Working in an office may not be as dangerous as working in a mine or an oil refinery, but offices have several dangers you must be aware of so you can protect yourself on the job. For example, researchers from San Diego State University found that office surfaces may have as many as 500 different types of bacteria on them. The Bureau of Labor Statistics also reports that workers in the management, professional, scientific and technical fields were affected by a total of 24,390 nonfatal occupational injuries and illnesses in 2011.
Cleaning products and toner cartridges contain chemicals that could irritate your skin and eyes if they are not handled properly. Any time you handle chemicals in the office, wear gloves to protect your skin. Because some products release fumes, check to see if special ventilation is required to use them safely. When you are finished using a product that contains chemicals, store the product according to the storage recommendations in the material safety data sheet, which contains handling and storage recommendations for each chemical used in the workplace.
The Seattle Fire Department Fire Prevention Division reports that 39 percent of office fires result from electrical causes. Before using an electrical item, if the cord is within sight, make sure it is not frayed or damaged in any way. Because paper jammed in a copy machine can cause a fire, always fix copier jams as soon as possible. Accumulations of paper and other combustible materials also increase the risk of fires spreading, so clean your work area regularly to avoid this type of clutter. Employers also play an important role in preventing office fires, as they set the policies that pertain to smoking and other fire hazards. Managers should work with safety, maintenance or facilities management personnel to conduct regular fire safety inspections.
Slips and Trips
Slips and trips increase the risk of falls, so preventing them should be a top priority. Slips occur due to a lack of friction between the feet and the walking surface, while trips occur when someone loses her balance after striking an object with her foot. Reduce the risk of slips and trips by looking out for potential hazards. Clean up spills immediately, as wet floors increase the risk for slips. If you notice loose carpeting or floor mats, report them to someone who has the authority to request repair or replacement. Cluttered walkways and uneven walking surfaces increase the risk of trips, so keep your work area clean and report any uneven surfaces to management. Keeping bottom drawers closed also reduces the risk of tripping. Managers and supervisors should identify high-risk areas, conduct periodic safety inspections, address fall hazards promptly and ensure that employees receive appropriate training to help them avoid slips, trips and falls.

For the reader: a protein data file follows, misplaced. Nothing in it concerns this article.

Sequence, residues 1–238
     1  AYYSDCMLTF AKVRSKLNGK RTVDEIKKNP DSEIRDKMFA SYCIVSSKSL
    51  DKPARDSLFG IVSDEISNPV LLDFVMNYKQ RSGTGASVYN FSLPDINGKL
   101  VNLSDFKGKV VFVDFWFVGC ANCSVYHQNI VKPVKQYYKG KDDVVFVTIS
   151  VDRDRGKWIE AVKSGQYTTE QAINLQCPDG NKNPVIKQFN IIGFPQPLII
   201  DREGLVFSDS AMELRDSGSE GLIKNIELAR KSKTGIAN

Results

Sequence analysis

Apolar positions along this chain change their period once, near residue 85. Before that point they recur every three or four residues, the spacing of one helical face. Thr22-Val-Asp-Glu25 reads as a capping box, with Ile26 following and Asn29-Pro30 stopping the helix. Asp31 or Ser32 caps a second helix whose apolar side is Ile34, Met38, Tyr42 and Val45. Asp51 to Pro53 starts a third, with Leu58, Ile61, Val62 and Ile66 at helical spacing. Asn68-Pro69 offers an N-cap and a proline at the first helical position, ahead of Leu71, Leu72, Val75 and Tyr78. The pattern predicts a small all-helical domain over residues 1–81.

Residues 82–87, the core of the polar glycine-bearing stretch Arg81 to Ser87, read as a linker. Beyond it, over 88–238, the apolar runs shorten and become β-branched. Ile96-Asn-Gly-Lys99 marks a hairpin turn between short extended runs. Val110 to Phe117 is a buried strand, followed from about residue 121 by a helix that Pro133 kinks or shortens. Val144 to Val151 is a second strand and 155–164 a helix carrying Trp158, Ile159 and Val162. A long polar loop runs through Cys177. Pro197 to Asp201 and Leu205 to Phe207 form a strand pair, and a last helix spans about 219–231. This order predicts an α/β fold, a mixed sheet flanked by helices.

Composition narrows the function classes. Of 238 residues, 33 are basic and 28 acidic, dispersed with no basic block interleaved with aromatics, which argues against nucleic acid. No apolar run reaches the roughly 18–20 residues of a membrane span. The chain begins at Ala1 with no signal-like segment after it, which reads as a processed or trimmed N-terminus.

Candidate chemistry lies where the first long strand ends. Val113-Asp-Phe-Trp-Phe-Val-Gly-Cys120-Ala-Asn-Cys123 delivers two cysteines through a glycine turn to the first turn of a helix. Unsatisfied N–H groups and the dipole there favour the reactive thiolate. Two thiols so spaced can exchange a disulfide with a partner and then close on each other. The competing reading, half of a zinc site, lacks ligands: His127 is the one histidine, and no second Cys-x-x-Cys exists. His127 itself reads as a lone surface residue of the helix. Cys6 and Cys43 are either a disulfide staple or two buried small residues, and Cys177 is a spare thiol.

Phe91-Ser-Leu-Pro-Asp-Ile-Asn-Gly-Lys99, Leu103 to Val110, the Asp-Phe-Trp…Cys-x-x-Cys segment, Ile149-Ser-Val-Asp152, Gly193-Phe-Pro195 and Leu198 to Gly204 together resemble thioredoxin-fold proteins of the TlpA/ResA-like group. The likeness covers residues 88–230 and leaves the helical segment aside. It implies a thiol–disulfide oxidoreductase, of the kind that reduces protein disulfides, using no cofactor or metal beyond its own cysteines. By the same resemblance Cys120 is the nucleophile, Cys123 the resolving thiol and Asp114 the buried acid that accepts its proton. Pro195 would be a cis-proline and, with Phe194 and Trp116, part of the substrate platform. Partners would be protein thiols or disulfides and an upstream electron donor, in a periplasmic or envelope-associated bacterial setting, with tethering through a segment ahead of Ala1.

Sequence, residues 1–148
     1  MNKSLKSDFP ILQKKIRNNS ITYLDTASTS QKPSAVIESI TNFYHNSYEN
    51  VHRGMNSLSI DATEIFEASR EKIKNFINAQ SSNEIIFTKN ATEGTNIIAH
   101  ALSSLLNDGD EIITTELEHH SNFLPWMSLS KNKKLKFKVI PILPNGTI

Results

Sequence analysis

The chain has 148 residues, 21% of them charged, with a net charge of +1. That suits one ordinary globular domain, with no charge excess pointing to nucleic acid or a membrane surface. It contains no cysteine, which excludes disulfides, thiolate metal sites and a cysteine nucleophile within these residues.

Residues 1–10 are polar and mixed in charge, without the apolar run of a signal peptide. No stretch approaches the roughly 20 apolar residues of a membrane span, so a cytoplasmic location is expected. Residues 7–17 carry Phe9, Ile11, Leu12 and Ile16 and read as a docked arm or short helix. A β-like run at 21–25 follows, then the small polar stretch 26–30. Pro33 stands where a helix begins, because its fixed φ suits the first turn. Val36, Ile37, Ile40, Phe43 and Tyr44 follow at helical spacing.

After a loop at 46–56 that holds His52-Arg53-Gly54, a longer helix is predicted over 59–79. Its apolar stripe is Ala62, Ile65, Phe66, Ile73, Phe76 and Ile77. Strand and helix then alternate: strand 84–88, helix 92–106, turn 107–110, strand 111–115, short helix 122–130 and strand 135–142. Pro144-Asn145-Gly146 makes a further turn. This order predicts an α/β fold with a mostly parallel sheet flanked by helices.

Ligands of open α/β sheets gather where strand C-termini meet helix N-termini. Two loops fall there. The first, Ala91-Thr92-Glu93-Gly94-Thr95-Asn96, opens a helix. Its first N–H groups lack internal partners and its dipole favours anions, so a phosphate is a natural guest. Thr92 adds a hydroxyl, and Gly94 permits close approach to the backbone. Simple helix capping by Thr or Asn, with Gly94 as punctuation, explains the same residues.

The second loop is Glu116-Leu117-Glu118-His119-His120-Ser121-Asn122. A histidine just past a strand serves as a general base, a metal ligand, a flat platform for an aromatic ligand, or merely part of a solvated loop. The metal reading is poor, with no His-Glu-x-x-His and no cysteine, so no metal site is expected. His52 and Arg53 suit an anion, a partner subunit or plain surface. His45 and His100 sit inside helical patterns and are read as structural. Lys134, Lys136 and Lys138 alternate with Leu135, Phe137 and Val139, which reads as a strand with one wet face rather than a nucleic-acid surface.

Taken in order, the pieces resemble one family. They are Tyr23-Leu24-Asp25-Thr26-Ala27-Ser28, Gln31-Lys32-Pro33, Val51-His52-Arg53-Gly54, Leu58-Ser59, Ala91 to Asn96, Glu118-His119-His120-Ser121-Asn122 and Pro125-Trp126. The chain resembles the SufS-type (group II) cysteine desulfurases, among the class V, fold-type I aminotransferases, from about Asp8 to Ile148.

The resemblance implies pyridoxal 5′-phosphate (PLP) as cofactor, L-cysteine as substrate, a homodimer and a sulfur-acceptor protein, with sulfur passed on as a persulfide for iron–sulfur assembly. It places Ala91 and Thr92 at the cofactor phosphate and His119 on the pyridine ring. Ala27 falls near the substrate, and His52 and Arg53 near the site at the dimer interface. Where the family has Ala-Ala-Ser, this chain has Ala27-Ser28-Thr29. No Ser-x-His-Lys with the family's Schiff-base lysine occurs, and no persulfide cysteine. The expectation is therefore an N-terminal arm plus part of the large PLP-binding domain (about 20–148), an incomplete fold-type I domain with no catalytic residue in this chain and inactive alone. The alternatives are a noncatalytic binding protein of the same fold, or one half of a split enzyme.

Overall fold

Performing repeated movements increases the risk for repetitive stress injuries such as bursitis and carpal tunnel syndrome. Reduce the risk of these injuries by taking steps to protect your body. When you type, sit with your feet flat on the floor and your back against your chair, as recommended by Dr. Alexander Haselkorn, a hand and wrist surgeon in Paterson, New Jersey. Keep the keyboard and mouse at the edge of the desk so that you do not have to reach for them. If you have to lift heavy boxes of files or other materials, use proper lifting techniques. Brookhaven National Laboratory recommends using your leg muscles to lift instead of using the muscles in your lower back. Hold heavy items close to you to avoid straining your back muscles. If an item is too heavy for you to lift easily, ask a colleague to help you.
Because desks, computer keyboards and other office surfaces act as a breeding ground for bacteria, good office hygiene is important. Remove bacteria by cleaning your desk, telephone, keyboard, computer mouse and chair with disinfecting wipes. Elevator buttons, handrails and doorknobs may also harbor germs, so wash your hands or use a liquid hand cleanser after touching these and other surfaces that are touched by many people.
- Environmental Protection Agency: Chemical Safety in the Workplace for Small Businesses
- U.S. Department of Labor: Occupational Safety & Health Administration: Recommended Format for Material Safety Data Sheets (MSDSs)
- Indiana University-Purdue University Indianapolis: Campus Facility Services: Office Fire Hazards
- University of Wisconsin Milwaukee: Accident Prevention: Slips, Trips and Falls
- Alexander Haselkorn, M.D., P.A.: Proper Posture and Ergonomic Tips
- Brookhaven National Laboratory: Safe Lifting and Carrying Techniques
- PLOS ONE: Office Space Bacterial Abundance and Diversity in Three Metropolitan Areas
- U.S. Bureau of Labor Statistics: Nonfatal Occupational Injuries and Illnesses Requiring Days Away From Work, 2011
- Seattle Fire Department Fire Prevention Division: Workplace Fire Safety for Staff
- Seattle University: Office Safety Procedures
- University of Wisconsin-Eau Claire: Loss Prevention and Safety: OSHA Offers Health Tips for Office Workers
- N.C. Department of Labor: A Guide to Office Safety and Health Occupational Safety and Health Division: A Guide to Office Safety and Health
- Stanford University: Slip, Trip and Fall Prevention Guide
- Lynchburg's Business Magazine: Cutting Down on Germs at Work: Tips for Reducing the Spread
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